In this study, M maize plants presented an early response in regulating iron homeostasis in the young expanding leaves (Table 1). The young expanding leaves were chosen as strong sinks of iron, whilst AM symbiosis was chosen as a treatment that forces the plant to optimize its photosynthetic efficiency, in order to feed the fungus. Ferric iron chelation components were differentially regulated in the leaves of M plants even on day 30, when the AM symbiosis was not yet visibly established. The roots of the maize plants were colonized by the fungus on day 45. In view of this, on day 30 the plant was already prepared for the upcoming symbiosis, and its efforts to maintain an efficient iron homeostasis in the young leaves was evident throughout the experimental period (Table 1). However, it seems that the genes related to iron uptake from the roots do have a role in the aerial plant parts. More specifically, it is hypothesized that the enzymes ZmNAS1, ZmDMAS1, ZmTOM1 and ZmYS1 have a role in the ferric iron chelation and/or unloading from the xylem vessels.
It is hypothesized that DMA synthesized in the xylem parenchyma cells (through ZmNAS1 and ZmDMAS1) is secreted to the xylem vessels (through ZmTOM1). The xylem sap in maize may contain ferric iron-citrate and ferric iron-DMA coming up from the roots. The secreted DMA chelates ferric iron delivered there in the form of ferric iron-citrate, because the ferric iron-DMA chelate has a higher stability than the ferric iron-citrate [10]. The resulting ferric iron-DMA, as well as the root-originated ferric iron-DMA in the xylem, may then enter the neighboring xylem parenchyma cells via the ZmYS1 transporter. The chelated iron may then be transported throughout the leaf and plant body via YSL transporters, for an efficient iron remobilization (Figure 6).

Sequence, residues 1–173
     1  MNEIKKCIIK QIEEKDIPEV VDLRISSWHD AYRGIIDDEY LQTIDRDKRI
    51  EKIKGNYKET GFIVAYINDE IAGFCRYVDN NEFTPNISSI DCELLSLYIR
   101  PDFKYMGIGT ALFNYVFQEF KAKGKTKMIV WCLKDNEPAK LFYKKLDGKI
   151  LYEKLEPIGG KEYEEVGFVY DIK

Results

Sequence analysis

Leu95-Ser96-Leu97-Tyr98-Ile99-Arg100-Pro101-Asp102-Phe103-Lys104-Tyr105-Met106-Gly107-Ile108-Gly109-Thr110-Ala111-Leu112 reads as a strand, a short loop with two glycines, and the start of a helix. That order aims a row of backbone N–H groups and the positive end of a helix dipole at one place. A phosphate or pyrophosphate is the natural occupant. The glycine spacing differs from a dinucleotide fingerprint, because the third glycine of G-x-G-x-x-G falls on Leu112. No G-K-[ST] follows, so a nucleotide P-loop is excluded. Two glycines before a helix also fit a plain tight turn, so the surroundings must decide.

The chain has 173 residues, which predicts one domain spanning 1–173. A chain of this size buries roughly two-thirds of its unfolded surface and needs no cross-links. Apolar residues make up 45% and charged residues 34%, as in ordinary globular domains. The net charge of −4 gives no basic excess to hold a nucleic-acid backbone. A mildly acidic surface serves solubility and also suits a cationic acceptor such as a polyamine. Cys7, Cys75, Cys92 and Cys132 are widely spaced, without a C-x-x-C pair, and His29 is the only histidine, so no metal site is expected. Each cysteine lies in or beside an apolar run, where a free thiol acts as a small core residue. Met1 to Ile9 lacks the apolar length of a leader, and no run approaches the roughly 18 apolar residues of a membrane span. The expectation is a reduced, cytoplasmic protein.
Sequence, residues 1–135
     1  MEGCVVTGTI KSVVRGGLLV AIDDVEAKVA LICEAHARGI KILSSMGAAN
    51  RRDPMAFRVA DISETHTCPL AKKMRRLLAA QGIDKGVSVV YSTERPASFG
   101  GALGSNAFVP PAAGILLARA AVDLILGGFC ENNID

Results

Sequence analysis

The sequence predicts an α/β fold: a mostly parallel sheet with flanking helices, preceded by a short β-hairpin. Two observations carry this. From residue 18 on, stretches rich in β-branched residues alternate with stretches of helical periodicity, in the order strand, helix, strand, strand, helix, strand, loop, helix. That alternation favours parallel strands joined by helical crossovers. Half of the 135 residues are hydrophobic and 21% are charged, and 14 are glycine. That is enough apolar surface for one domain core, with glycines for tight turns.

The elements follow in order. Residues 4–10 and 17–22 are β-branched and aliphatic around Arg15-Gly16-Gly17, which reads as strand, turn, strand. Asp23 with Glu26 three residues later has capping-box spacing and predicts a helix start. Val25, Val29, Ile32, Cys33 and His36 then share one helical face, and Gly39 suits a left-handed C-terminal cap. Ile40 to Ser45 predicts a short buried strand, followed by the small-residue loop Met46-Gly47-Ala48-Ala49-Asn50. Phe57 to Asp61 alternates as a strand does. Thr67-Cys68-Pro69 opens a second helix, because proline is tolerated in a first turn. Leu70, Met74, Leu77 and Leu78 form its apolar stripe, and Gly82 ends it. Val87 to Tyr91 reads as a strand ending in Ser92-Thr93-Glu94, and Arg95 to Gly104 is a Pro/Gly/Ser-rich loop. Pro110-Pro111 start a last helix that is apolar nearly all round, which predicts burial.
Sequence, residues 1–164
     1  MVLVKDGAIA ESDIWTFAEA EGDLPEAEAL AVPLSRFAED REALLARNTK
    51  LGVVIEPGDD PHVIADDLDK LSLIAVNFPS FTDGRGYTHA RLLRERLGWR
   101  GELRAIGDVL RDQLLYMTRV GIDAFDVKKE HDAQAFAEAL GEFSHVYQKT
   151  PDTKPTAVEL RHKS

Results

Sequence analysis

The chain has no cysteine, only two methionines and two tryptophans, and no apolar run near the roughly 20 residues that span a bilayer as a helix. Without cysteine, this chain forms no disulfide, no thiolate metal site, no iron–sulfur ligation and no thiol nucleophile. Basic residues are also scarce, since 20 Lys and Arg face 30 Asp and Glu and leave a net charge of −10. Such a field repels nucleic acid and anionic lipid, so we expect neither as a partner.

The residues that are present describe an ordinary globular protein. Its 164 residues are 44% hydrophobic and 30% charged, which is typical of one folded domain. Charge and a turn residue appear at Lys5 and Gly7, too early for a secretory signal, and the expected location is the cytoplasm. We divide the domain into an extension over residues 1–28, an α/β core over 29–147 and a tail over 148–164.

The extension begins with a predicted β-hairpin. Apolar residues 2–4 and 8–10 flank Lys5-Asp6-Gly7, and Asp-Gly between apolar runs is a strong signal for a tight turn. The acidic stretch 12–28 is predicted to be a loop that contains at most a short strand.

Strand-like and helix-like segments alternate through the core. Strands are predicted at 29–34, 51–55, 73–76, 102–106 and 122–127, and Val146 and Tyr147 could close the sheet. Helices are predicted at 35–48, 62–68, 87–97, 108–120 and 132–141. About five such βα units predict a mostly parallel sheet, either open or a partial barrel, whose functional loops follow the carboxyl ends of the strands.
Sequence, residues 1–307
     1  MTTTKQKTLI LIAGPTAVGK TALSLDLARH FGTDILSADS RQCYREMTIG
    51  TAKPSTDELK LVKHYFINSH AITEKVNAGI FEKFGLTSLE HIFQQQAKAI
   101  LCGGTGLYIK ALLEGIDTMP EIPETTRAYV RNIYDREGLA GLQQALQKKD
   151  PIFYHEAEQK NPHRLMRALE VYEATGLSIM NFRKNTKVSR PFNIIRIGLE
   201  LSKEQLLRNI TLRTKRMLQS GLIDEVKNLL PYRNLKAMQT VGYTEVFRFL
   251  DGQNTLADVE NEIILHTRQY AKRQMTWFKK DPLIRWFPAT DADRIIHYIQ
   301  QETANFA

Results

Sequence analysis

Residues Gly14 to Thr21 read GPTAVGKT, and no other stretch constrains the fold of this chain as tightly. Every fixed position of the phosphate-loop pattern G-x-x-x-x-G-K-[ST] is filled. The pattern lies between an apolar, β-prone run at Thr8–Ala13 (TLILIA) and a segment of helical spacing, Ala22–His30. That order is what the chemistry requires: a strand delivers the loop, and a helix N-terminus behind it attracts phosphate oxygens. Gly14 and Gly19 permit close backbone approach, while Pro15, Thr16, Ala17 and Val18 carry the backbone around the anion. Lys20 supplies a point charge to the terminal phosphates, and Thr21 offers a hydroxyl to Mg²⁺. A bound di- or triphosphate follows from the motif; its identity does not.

3.2. Arbuscular Mycorrhizal Fungus Provides Iron to M Plants

The expression patterns of the examined genes were completely different among the various treatments, i.e., NM vs. M under sulfur deprivation and NM vs. M after sulfate supply. This fact holds true for the roots as well as for the leaves of the examined maize plants. This can be explained if we consider the hypothesis that NM plants suffer from iron deficiency throughout the treatment, whilst mycorrhizal colonization prevented iron deprivation responses due to a symbiotic iron uptake pathway [5].
The expression profile patterns of the examined genes in the roots of M and NM maize plants, both before as well as after sulfur supply, supported the previously suggested hypothesis that the fungus provides iron to the plants [5]. Despite the facts that: (a) before the addition of sulfur the concentration of total Fe in the shoots of NM plants decreased from day 45 to day 60, whilst the corresponding concentrations in M plants remained at the same levels and (b) five days after the addition of sulfur the concentration of total iron in M plants was higher than the corresponding concentration in NM plants [5], none of the genes related to iron uptake was overexpressed in the roots of M plants, neither during the sulfur deprivation period, nor after the supply of sulfur. Given this, in the M plants iron was probably delivered to the central cortex through the fungal arbuscules. Consequently, the M plants did not need to excrete DMA to their rhizosphere and ZmTOM1 was strongly downregulated (Table 1, Figure 4 and Figure 5, [5]).
Twenty four hours after the sulfur supply, a general transient downregulation of all the genes related to iron uptake was monitored in the roots of both M and NM plants (Figure 4 and Figure 5, [5,6]). Sulfate may act as a signal molecule regulating the expression of the iron uptake related genes in roots. It is suggested that the “massive entry” of inorganic sulfur into the root cells creates a transient “shortage of organic sulfur” condition, which is required for the DMA synthesis and that during this period of time the plants downregulate the whole DMA biosynthesis pathway, until organic sulfur will be again available.